It’s been nearly a year since Apollo, the only serving police dog in Lebanon city, retired. Now, advocates of the K-9 program are hoping a silent auction next month will raise much of the needed funding to put another deputized dog on the streets.

The 2023 City of Lebanon Police K-9 Fund Fall Auction will be held from 4 to 8 p.m. Sunday, Nov. 5, at the Mansion at Fifth, 450 Cumberland St. Bidding begins at 4 and ends at 7:30 p.m.

The auction will feature local items, gift certificates “and a large selection other auction of items to bid on.” Some of the featured items include a lunch with Mayor Sherry Capello or Police Chief Bret Fisher at Rocco’s Philadelphia Hoagies, a bulletproof briefcase, scratch-off lottery tickets and a future K-9 team baseball card spotlighting the city’s next canine officer.

In addition to the auction items, the event will include an hors d’oeuvres table showcasing “A Taste of Lebanon. Made in Lebanon.”

Unfortunately, seats at the auction are already sold out, organizers told LebTown. There are, however, other ways people can help.

A brief history of the program

Apollo, the last K-9 officer, “unexpectedly retired” on Nov. 30, 2022, after nine years of service, according to a statement issues this past summer by auction organizers. “The department was left to fill an unfunded void, of a handler and a canine,” the statement read, noting that a K-9 officer provides “added safety and security to our community, the region and (its) officers.”

According to Mayor Capello, the city first started the K-9 Program under Mayor Donald Griffith in the early 1980s.

“The first K-9’s name was Mindy,” she said. “However, she did not pass the training because she was afraid of gun fire.”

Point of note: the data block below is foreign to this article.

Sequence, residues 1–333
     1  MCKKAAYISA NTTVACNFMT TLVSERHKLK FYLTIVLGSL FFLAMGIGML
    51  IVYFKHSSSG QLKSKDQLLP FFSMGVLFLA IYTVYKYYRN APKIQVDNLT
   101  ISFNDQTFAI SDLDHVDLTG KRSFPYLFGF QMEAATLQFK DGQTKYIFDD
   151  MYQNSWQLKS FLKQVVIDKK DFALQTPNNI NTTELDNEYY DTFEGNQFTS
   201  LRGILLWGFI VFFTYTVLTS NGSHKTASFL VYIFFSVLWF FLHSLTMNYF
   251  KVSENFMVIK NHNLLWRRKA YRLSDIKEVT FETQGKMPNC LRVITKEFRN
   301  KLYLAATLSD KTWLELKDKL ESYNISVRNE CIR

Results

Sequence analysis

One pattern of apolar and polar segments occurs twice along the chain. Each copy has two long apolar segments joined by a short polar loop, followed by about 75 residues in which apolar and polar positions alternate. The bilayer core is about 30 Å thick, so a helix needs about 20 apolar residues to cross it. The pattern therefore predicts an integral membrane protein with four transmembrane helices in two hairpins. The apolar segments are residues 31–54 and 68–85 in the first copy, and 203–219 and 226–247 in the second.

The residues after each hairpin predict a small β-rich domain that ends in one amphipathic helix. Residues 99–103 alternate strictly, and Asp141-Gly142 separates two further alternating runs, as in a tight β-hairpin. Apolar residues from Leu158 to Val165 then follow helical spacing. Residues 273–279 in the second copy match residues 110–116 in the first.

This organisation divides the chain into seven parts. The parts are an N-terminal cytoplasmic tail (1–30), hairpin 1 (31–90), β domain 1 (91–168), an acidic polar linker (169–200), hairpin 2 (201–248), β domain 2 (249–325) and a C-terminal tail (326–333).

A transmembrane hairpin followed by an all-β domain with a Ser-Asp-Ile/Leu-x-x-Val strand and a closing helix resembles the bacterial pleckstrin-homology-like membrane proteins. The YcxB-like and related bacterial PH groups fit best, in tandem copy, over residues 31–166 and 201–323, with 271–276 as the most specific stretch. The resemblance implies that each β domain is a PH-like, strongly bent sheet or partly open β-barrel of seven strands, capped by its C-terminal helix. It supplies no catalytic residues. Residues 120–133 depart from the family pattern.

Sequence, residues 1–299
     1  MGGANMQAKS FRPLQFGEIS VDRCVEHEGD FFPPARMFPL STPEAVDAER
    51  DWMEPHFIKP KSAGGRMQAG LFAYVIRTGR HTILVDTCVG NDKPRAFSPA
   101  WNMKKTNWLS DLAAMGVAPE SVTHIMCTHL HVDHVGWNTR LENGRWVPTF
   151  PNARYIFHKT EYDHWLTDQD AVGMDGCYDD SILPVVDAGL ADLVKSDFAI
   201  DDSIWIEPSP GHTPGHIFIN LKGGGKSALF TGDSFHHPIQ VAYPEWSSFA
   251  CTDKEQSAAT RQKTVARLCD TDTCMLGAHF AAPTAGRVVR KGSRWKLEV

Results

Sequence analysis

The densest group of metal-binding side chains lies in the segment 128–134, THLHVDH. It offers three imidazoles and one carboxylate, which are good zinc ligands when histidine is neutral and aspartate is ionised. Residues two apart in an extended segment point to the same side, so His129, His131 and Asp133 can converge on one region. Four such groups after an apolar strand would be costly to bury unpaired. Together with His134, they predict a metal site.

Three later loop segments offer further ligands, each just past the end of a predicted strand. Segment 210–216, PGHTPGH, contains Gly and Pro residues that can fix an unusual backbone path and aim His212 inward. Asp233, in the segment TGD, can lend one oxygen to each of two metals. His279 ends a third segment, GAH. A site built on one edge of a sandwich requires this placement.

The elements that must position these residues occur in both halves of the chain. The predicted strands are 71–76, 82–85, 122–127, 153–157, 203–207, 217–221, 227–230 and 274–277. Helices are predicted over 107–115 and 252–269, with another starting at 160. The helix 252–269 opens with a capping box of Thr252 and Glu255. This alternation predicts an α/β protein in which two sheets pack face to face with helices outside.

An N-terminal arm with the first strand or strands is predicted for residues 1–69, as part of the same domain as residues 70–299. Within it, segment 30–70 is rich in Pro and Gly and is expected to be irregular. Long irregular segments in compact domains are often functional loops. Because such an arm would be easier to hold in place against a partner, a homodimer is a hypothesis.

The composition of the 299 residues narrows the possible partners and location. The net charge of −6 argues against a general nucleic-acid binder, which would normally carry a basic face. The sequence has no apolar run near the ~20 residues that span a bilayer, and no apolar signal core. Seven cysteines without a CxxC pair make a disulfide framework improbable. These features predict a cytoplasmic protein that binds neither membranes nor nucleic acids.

Next up was a dog named Arco, who partnered with Capello’s husband but, unfortunately, Arco got loose and ran away less than a week into the program.

In 2000, city resident Tony Matula launched a campaign that raised $21,000 to resurrect the K-9 program under Mayor Jackie Parker, Capello said.

When Capello became mayor in January 2010, the city had two K-9 officers, Friday and Axle. Because of Axle’s age, she said, then-Councilman Matula started a fundraising campaign. When Axle died in 2013, the community had already raised over $41,000 for the program.

“Not only were we able to obtain another K-9 (K-9 Apollo), but we were able to replace the K-9 vehicle with a used SUV,” Capello said.

According to the mayor, Apollo was sworn in on Nov. 1, 2013. His handler and partner was Officer Sean Buck.

Friday retired in 2017, and Apollo followed in Friday’s paw prints in 2022.

His officer, chief and mayor gather to pay their respects at Apollo’s retirement.

“We are proposing to only replace one K-9 at this time,” Capello said. The cost will be approximately $41,000, she said, including the dog, six weeks of training, room and board at the training facility and equipment.

Lebanon’s mayor is a firm advocate of the K-9 program.